• KR Hannon

    This story illustrates everything that is wrong with current zoning practices – and city government. Apparently Auburn is a city that caters to whiny NIMBYs and its own too-rigid, outdated, unsustainable development patterns; instead, it should foster economic development and old-fashioned entrepreneurial zeal.

  • Mitchell Lubline

    This is why people are losing their homes. Cities over regulate a harmless business ventures and next thing you know they can’t afford to stay. He has a great talent that should be allowed to flourish but instead his whiney neighbors couldn’t be adults to ask him to move his shop or to switch the type of forge he used from coal to propane. Hopefully he gets another forge going soon.

  • Ilovebowieknives

    So, the neighbors went directly to city officials instead of trying to deal face to face with their neighbor about a very minor issue? Just one more indication of how soft-headed our society has become.
    At some point, we will have only the freedom to pace in our cages.
    I’ve made knives since I was in gradeschool. This kid is making a go of it how small businesses are supposed to start- at home. With hard work, he could have moved to a larger space, maybe employed a few people. Not now. And I’m SURE that NONE of those neighbors who complained have ever done anything to annoy their neighbors. Well, except complain behind their backs like children, instead of just going over for a visit like and adult. The “city officials” should have shown leadership, and told them to handle it between neighbors first, before coming to them.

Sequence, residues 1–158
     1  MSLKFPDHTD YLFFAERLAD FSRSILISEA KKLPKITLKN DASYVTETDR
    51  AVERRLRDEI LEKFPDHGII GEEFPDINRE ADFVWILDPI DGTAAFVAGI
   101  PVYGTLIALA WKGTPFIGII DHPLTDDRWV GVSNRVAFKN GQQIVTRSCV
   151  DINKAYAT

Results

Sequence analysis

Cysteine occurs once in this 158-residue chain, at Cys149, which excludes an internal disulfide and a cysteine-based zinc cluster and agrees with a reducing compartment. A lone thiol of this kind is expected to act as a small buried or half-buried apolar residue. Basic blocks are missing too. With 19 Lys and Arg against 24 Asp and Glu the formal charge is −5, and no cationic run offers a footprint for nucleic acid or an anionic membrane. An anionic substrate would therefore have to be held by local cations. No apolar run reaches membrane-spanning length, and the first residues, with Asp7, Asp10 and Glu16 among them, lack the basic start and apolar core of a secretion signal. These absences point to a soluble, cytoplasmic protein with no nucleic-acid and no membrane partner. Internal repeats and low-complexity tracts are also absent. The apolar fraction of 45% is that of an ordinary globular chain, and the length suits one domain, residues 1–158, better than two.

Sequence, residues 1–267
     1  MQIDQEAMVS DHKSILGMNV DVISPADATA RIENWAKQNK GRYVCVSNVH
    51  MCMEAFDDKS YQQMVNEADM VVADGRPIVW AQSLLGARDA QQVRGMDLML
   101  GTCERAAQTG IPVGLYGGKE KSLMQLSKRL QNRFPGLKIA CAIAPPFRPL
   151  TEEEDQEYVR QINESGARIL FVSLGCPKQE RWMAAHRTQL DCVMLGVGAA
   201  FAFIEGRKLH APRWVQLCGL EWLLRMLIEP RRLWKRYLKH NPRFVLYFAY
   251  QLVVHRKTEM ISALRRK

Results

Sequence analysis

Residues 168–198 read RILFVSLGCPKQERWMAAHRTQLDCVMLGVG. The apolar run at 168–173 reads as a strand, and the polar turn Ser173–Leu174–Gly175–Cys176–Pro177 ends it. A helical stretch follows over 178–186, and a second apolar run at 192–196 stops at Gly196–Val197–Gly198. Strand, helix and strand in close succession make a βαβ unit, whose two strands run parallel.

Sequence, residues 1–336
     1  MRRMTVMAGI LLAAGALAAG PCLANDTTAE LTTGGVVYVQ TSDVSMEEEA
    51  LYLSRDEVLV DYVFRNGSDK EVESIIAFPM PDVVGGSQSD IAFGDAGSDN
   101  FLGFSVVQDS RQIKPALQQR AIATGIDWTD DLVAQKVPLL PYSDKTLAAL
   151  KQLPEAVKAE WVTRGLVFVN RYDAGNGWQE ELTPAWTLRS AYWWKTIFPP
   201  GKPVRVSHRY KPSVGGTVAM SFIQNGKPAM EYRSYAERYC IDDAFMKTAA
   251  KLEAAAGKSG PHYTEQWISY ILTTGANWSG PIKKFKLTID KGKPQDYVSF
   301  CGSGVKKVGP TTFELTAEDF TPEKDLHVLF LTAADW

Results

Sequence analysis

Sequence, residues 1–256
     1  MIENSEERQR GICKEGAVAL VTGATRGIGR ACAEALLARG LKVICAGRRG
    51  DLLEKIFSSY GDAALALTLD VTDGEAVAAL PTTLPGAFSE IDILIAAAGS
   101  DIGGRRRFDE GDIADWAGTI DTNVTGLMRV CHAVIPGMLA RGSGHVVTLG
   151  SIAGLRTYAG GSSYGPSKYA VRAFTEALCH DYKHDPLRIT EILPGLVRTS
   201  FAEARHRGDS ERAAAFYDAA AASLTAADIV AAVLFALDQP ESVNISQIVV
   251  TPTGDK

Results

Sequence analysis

I guess we are lucky nobody complained about Steve Jobs making computers in HIS garage!
    GROW A SPINE AMERICA!!

  • WildOmar999

    I suspect this talented young man will find a way. Crushing regulations notwithstanding, craftsmanship and the entrepreneurial spirit will prevail.

  • Yohn
  • Levi Gouette

    So neighbors went right to the city instead of talking to the poor guy first over a simple issue?
    Almost pathetic, honestly. I wish him luck in finding space!

  • Jude Castagno

    He probably has liberal neighbors!!!!

    • Stephanie

      Hardly… sounds more like a neighbor that likes to complain and isn’t very neighborly at all. Which doesn’t really indicate liberal or conservative views since there are lots of complainers on all sides of the political spectrum.

      • Jude Castagno

        Yeah, I suppose you’re right.

  • Jumpinjackfash

    I hope this kid finds a place and is successful. People suck.

  • J R Joseph Ferguson

    My neighbor complained that we sometimes camp on our farm in rural Virginia during hunting season, and next thing we know we were told it is illegal to ever camp out on your own property. We went to court to fight it and lost! They want us to get a “commercial campground permit” from the county, for $1,350.00 !

  • Bob_Robert

    It is the full time job of every petty government bureaucrat to seek out and crush innovation where ever it is found. I sincerely wish Eric Cousens long and painful unemployment.